London has great restaurants and if you’re staying in a smart hotel, your concierge usually will be able to get you a good table. How about less glamorous venues, where your only reservations will be about whether to enter?
For those wanting to escape the Olympics or food hype, here are 10 inexpensive joints. In each case, the food is hot, the service warm and the ambience cool. Expect to pay 20 pounds ($31) or less per person for food at most places.
Asian: Sedap is a family-run Malaysian restaurant where mom and pop cook and the daughters serve their authentic dishes such as Penang Char kway teow (stir-fried rice noodles with prawn, bean sprouts, Chinese sausage, egg, fish cake, soy sauce, chives and chili paste). It’s a destination for fans of Nyonya (Chinese-Malaysian cuisine). The set lunch starts at 7.80 pounds. http://www.sedap.co.uk/ or +44-20-7490-0200.
Barbecue: Pitt Cue is a tiny restaurant and doesn’t take reservations, so it’s best to avoid peak times or to be prepared for a long wait. There are daily specials as well as about five main courses, which come in an enamel tray with a chunk of bread on the side. The food is worth the wait. In a city where barbecue is not the best, Pitt Cue is on another level. http://www.pittcue.co.uk/welcome.html (No phone line.)
Brasserie: Zedel is the baby sister of the Wolseley, where it can be almost as hard to find a table as an unclogged road during the Olympics. Zedel looks grand and yet the prices are low. The fixed-price menu is 8.75 pounds for two courses and wine starts at 3 pounds a glass. Even if you’re not on a budget, this is an attractive destination. http://www.brasseriezedel.com/ or +44-20-7734-4888.
Burgers: Burger & Lobster is brought to you by the owners of Goodman restaurants, known for their top-quality steak and great service. Here, the formula is extremely simple. There’s no menu, you just order a burger or lobster, with the option of a lobster roll. They come with fries and a side salad. The price? 20 pounds. That’s low for lobster and high for the burger, but it’s good. The cuts are chuck, onglet and sirloin cap. http://burgerandlobster.com/ or 44-20-7409-1699.
Fish and Chips: Poppies is a little posh and modern for this sort of cuisine, even if Pat “Pop” Newland has been frying for more than half a century. Starters may include whitebait and calamari. A range of sustainably sourced fish -- including halibut -- is served. You can just opt for a traditional cod and chips with mushy peas, followed by ice cream. The service is friendly, the place has a great retro feel and there’s even a basic wine list. http://www.poppiesfishandchips.co.uk/ or +44-20-7247-0892.
Indian: Roti Chai is the venue I most often visit when not reviewing fancy restaurants. The menu focuses on Indian street food such as tarka dhal (yellow lentils), dhokla (Gujarati steamed chickpea cake) and samosas. There are also curries, including the Manchurian, with Chinese influences. My favorite is hakka chili paneer, a spicy specialty from Kolkota. (There’s a dining room in the basement for more formal meals.) http://www.rotichai.com/index.html or +44-20-7408-0101.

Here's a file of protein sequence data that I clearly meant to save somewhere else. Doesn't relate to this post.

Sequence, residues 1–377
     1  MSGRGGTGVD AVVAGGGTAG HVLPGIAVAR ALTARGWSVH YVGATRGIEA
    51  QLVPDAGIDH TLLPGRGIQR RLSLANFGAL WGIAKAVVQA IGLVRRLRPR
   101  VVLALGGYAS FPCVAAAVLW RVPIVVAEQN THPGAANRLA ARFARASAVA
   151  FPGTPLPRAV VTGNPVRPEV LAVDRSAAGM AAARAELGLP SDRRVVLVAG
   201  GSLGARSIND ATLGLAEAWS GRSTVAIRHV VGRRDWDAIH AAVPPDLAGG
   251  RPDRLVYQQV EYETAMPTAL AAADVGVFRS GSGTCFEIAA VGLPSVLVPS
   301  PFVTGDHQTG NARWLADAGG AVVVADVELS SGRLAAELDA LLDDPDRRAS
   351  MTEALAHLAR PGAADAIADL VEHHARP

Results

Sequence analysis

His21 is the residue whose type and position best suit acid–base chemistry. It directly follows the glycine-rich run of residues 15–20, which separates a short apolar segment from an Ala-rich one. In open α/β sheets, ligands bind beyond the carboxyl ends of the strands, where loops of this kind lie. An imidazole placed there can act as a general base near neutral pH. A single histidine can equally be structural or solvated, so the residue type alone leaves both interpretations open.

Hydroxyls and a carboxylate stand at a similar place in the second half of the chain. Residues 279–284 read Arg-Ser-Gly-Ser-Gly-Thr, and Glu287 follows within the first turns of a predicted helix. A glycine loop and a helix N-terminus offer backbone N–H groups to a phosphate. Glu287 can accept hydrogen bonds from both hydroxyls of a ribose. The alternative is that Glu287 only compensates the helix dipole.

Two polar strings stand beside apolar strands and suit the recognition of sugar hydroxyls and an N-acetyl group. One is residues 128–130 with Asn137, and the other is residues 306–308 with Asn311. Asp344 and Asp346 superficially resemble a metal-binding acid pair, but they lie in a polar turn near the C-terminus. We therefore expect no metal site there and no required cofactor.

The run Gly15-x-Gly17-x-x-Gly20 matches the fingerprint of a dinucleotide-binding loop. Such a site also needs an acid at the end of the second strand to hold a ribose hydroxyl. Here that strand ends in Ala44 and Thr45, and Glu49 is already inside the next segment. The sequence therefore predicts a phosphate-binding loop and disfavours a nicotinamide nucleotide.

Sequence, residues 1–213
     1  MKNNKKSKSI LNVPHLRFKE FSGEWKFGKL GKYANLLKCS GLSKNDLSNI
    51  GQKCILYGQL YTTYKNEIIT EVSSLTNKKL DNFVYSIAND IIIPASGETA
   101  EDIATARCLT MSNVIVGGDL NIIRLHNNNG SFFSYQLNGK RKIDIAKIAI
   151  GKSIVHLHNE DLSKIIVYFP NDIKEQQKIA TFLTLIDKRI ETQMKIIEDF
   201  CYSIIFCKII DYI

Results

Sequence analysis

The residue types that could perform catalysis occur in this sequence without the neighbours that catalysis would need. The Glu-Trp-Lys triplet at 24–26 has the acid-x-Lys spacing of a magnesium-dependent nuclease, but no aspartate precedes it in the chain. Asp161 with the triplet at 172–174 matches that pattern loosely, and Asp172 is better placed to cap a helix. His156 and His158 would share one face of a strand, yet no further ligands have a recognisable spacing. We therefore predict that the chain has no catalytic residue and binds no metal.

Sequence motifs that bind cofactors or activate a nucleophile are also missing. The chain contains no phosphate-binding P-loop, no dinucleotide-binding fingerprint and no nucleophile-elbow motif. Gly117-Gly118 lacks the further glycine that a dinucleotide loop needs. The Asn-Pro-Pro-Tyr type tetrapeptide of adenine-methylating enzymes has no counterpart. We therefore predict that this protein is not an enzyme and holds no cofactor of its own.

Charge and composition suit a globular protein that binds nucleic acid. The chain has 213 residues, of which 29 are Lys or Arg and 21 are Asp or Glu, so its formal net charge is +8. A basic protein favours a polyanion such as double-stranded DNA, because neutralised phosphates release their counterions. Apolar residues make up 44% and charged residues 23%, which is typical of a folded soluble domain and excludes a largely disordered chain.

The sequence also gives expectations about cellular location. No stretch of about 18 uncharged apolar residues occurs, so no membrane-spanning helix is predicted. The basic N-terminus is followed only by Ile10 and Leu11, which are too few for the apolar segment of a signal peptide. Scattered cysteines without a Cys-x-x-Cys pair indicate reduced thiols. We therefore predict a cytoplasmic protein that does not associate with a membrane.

Japanese Ramen: Tonkotsu is a new ramen bar in the heart of Soho. The menu is short because this place is all about the noodles in a rich and meaty stock. (You also can get dumplings and salads.) Tonkotsu is often crowded and it’s worth squeezing in and trying the great ramen. It’s owned by the same people as Tsuru sushi. http://www.tonkotsu.co.uk/ or +44-20-7437-0071.
Lebanese: Yalla Yalla serves Lebanese street food such as hummus, falafel and kibbe nayye (lamb tartar with spiced cracked wheat, spring onions, fresh mint and basil.) There are also Lebanese wines to sample. The options for Middle Eastern food aren’t as numerous as you might expect. Yalla Yalla quickly became a hit and has expanded beyond the original tiny outlet in Soho. http://www.yalla-yalla.co.uk/ or +44-20-7287-7663.
Tapas: Morito is a small tapas-and-mezze bar on Exmouth Market, a street that’s developing a reputation as a dining destination. Morito is the baby of the owners of Moro restaurant, and the food is particularly good. Apart from the usual small plates, dishes may include sweetbreads with piquillo, gem lettuce and crispy garlic or mackerel with fennel and capers. The wine list isn’t huge, yet there are interesting choices. http://www.morito.co.uk/ or 44-20-7278-7007.
Wine Bar: 28-50 serves more than 30 wines by the glass along with bistro-style French dishes. It’s the wine workshop and kitchen of Texture restaurant owners Xavier Rousset and Aggi Sverrisson, who formerly worked for Raymond Blanc at Le Manoir aux Quat’Saisons. They’re passionate about food and wine and service, too. The prices are low and the standards are high. http://www.2850.co.uk/ or +44-20-7725-1330.
(Richard Vines is the chief food critic for Muse, the arts and leisure section of Bloomberg News. He is U.K. and Ireland chairman of the World’s 50 Best Restaurants awards. Opinions expressed are his own.)
Muse highlights include Mark Beech on music, John Mariani on wine and James Russell on architecture.
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